We all think we’re pros.
We’ve been communicating for years, decades, and we’re pretty good at it.
Except when we’re not.
Whether you’d call yourself an expert or you’re just getting started on the journey of better conversations, we all have room to grow.
This is the first in a series of posts (check back for more!) about improving your communications and I’ll cover some of the basics as well as some of the more nuanced, but conversation-saving, elements of connecting with the people around you.
Let’s get started, because where you start really matters.
Think back to your last conversation that didn’t go well.
How did it begin?
You’re probably thinking about what you said (or what they said). The words. How you said them. The background of the whole conversation.
Let me ask a different question: Did you begin already knowing the (right) answer?
We often do, even when we think we’re starting with an open mind.
Beginning with the firm belief that you don’t know the answer is the first key to successful communication.
Most of us are probably already lining up the reasons why that can’t be right. One mouse-click away from jumping to the next article, but really consider that question.
How often do you start an important conversation already knowing what the “right” answer is? Or what the field of “possible” answers looks like? Most of us do this without evening being aware of it.
Obviously, there are times when the right answer really is the right answer. How to sweep a fire extinguisher, the temperature at which water boils. Those aren’t the kinds of conversations or facts that we struggle with.
When you believe that you don’t know the right answer, you make space in the conversation for options. You widen the field. You let other people into the conversation with their perspectives, their knowledge, and their experience.
But what if I do know the right answer.
We are flawed decision-makers. We have a bias towards what we already know, we surround ourselves with information that supports our thinking, and we don’t challenge our opinions or question our own ideas often enough.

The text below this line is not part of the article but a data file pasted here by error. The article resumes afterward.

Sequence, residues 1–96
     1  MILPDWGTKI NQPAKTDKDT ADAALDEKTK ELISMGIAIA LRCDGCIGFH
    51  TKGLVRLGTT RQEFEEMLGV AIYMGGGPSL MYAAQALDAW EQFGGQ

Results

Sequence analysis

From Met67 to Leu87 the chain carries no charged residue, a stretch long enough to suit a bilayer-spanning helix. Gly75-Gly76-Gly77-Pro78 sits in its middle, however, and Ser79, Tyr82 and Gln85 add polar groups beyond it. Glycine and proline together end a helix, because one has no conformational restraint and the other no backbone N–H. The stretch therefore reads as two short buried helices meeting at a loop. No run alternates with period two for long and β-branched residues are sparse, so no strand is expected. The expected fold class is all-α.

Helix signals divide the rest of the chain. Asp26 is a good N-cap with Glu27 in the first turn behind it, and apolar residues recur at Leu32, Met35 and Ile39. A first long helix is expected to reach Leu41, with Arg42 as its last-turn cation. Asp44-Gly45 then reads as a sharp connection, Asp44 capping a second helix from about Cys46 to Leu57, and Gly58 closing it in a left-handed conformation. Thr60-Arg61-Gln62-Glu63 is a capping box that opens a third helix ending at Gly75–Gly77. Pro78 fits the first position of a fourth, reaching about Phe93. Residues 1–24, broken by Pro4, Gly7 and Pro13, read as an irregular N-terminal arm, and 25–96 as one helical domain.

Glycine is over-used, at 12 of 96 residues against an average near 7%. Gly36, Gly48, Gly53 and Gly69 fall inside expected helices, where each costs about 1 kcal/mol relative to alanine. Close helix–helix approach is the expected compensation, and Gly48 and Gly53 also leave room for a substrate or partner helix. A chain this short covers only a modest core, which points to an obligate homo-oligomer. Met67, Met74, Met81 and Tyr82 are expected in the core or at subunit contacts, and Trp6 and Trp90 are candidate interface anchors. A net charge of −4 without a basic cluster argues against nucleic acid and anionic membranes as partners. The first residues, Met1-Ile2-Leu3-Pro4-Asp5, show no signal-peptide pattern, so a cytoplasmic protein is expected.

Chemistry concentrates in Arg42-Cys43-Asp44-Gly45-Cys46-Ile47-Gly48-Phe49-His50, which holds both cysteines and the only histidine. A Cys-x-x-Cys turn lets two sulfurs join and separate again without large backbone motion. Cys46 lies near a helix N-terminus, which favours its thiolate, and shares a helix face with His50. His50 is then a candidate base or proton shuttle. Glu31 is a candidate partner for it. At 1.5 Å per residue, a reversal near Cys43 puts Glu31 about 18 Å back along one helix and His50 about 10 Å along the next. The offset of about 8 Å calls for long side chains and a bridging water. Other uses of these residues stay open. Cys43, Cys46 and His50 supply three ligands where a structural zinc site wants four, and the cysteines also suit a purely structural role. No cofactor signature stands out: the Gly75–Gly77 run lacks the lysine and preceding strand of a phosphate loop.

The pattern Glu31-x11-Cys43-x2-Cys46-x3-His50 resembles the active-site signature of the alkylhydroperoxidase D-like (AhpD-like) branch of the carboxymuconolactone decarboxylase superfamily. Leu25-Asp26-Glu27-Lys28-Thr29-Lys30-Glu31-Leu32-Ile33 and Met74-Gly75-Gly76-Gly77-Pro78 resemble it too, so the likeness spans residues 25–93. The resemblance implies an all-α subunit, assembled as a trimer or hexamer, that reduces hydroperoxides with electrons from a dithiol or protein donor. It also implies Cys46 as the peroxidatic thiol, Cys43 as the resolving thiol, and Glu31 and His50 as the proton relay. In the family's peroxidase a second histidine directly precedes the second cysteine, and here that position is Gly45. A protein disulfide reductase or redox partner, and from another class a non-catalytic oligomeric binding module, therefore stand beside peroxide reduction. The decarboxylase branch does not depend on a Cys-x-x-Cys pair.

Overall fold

(There’s a large body of research on this topic, you can find some of it in the books and sites below.)
You can’t know the right answer until you’ve opened your mind enough to look around. Otherwise, you just know what you think is the right answer and you haven’t done your homework.
If you start your conversation from your answer, it may feel like you’re several steps down the road, saving time and heading toward a better decision, when you’re actually heading off in the wrong direction.
What you need in complicated situations is a deep pool of information to draw from, and you alone don’t have all the information.
Does this mean I have to hide what I know just to make people feel like they’re part of the decision?
No. That’s actually just doing the same thing we’re trying to avoid. Put what you know out there, into the pool, but invite others first, fill it up together before you make your decision.
If you bring your team together to solve systematic problems – say you’re having routine failures in your ability to deliver products on time – and you know that what’s not working is the supervisors’ oversight of the deadlines, you might focus on that part of the system.
You might argue with me that you know this, because you’ve seen communications between supervisors and their staff. It’s all pretty clear.
Ask yourself: what if you’re wrong?
The cost of beginning with your answer may be missing the critical information that helps you actually solve the problem.
You could begin by assuming that the broken link is in the supervisor-employee communications, alienating everyone in the room in the process.
If instead you begin by sharing what you’ve seen (facts only!) and asking what they know, you may unearth a series of other data points that helps you all see the full picture.
You may learn that there are problems with other parts of the system, or that an earlier production phase isn’t working, leaving your supervisor-employee team scrambling to make up time at the cost of quality.
If you don’t ask, you won’t know.
Learning to make space for new information will improve the decisions you and your team make.
If you hear yourself beginning a conversation with any of these red-flag phrases, pause, reframe, and invite others into the pool of information:
“I think we should…..”
“The way to solve this problem is….”
“What if we did……”
“We’ve already done this so……” (sets you up to continue a pattern or build on past decisions)
Consider these as alternatives:
“How may ways could we…..”
“Are there ways to achieve multiple goals here…..”
“What are the options we have used before and what haven’t we used…..”
“What are we trying to achieve (not how)….”
“If someone new walked in the door, what do you think they would do……” (opens up options beyond what you’ve already done)
For more about the pool of information idea, read Crucial Conversations by Patterson, Grenny, McMillan, Switzier
For better decision-making, try Decisive by Dan and Chip Heath
For why starting with being right doesn’t work, consider Better Leaders, Better Teams by Roger Schwarz
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